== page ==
Sec. 960. Every such bond is in force and obligatory upon the principal and sureties therein for the faithful discharge of all duties which may be required of such officer by any law enacted subsequently to the execution of such bond, and such condition must be expressed therein. [Pol. Code.]

Suit on bonds.

SEC. 961. Every official bond executed by any officer pursuant to law is in force and obligatory upon the principal and sureties therein to and for the State of California, and to and for the use and benefit of all persons who may be injured or aggrieved by the wrongful act or default of such officer in his official capacity; and any person so injured or aggrieved may bring suit on such bond, in his own name, without an assignment thereof. [Pol. Code.]

The State of California may bring action without joining aggrieved parties : 74 Cal. 373.

See 132 Cal. 589; 76 Cal. 121; 114 Cal. 245.

Subsequent suits.

SEC. 962. No such bond is void on the first recovery of a judgment thereon; but suit may be afterwards brought, from time to time, and judgment recovered thereon by the State of California, or by any person to whom a right of action has accrued against such officer and his sureties, until the whole penalty of the bond is exhausted. [Pol. Code.]

Defects in the form of bond.

SEC. 963. Whenever an official bond does not contain the substantial matter or conditions required by law, or there are any defects in the approval or filing thereof, it is not void so as to discharge such officer and his sureties; but they are equitably bound to the state or party interested. *** [Pol. Code.]

Failure of proper officer to approve will not invalidate bond or release security: 78 Cal. 154.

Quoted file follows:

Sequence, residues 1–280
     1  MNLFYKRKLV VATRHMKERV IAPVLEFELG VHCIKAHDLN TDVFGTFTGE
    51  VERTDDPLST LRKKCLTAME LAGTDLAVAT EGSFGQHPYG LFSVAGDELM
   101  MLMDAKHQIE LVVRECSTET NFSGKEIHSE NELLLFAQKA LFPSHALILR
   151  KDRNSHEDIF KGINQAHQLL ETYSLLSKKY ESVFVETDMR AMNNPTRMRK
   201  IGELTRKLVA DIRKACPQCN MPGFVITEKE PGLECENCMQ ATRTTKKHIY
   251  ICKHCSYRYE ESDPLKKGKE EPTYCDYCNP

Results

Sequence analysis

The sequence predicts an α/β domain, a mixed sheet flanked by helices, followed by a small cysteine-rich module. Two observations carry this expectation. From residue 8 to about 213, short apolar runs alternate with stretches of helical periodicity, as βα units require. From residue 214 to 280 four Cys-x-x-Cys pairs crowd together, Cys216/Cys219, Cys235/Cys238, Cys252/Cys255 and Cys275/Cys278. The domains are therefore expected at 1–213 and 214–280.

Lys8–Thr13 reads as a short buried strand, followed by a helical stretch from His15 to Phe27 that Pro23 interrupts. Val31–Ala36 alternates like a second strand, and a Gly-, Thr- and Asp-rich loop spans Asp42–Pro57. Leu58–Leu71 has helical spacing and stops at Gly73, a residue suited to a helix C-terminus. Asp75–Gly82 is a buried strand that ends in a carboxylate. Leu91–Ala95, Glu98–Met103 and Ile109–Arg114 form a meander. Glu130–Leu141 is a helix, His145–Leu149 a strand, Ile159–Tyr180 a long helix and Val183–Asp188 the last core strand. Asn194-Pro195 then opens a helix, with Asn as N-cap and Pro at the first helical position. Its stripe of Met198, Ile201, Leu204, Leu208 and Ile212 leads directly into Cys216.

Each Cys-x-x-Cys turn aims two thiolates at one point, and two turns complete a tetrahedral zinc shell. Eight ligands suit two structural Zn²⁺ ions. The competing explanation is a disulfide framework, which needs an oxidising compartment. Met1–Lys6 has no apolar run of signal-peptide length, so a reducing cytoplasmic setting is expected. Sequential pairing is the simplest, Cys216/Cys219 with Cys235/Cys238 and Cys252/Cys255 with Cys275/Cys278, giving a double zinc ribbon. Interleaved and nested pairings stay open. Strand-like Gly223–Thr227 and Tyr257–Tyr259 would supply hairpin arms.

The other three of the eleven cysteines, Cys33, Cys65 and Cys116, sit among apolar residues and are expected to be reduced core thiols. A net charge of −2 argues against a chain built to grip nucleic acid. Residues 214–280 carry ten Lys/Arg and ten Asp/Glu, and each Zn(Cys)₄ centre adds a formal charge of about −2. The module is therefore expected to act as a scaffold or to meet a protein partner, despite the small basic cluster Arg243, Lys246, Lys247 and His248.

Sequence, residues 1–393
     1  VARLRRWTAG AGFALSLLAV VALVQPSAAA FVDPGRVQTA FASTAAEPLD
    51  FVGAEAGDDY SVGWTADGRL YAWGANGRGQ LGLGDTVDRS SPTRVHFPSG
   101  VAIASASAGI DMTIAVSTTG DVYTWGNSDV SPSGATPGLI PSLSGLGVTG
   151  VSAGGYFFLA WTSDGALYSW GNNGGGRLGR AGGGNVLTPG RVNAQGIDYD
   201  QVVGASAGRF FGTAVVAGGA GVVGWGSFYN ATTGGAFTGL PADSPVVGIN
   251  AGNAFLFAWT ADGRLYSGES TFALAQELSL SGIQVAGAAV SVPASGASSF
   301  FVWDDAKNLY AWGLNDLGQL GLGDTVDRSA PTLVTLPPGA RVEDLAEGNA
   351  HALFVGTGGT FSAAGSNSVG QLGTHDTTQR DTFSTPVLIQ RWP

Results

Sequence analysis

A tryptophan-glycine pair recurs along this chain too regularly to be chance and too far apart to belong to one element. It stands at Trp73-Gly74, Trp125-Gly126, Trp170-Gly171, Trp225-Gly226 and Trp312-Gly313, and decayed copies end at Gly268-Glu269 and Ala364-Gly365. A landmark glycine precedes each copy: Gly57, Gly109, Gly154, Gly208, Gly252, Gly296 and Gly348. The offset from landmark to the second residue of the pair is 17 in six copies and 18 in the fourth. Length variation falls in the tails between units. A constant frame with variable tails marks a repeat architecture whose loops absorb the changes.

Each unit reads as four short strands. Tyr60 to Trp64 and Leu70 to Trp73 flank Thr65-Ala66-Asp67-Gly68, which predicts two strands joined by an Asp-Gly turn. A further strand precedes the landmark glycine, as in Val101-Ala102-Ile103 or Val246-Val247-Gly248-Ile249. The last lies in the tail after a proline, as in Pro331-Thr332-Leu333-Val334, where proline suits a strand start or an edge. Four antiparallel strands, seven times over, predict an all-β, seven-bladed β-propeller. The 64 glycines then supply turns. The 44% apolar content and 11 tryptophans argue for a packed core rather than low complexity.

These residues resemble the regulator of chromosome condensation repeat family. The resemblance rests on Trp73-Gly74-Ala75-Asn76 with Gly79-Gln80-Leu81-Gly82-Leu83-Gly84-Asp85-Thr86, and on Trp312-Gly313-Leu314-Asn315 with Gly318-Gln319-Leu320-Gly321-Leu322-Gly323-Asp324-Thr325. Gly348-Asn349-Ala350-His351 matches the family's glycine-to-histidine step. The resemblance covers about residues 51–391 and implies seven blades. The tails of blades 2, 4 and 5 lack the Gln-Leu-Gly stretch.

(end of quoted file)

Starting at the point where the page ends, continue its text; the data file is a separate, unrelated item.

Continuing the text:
Insufficiency of sureties.

SEC. 964. Whenever it is shown by the affidavit of a credible witness, or otherwise comes to the knowledge of the judge, court, board, officer, or other person whose duty it is to approve the official bond of any officer, that the sureties or any one of them have, since such bond was approved, died, removed from the state, become insolvent, or from any other cause have become incompetent or insufficient sureties on such bond, the judge, court, board, officer, or other person may issue a citation to such officer, requiring him, on a day therein named, not less than three nor more than ten days after date, to appear and show cause why such office should not be vacated, which citation must be served and return thereof made as in other cases. If the officer fails to appear and show good cause why such office should not be vacated, on the day named, or fails to give ample additional security, the judge, court, board, officer, or other person must make an order vacating the office, and the same must be filed as provided by law. [Pol. Code.]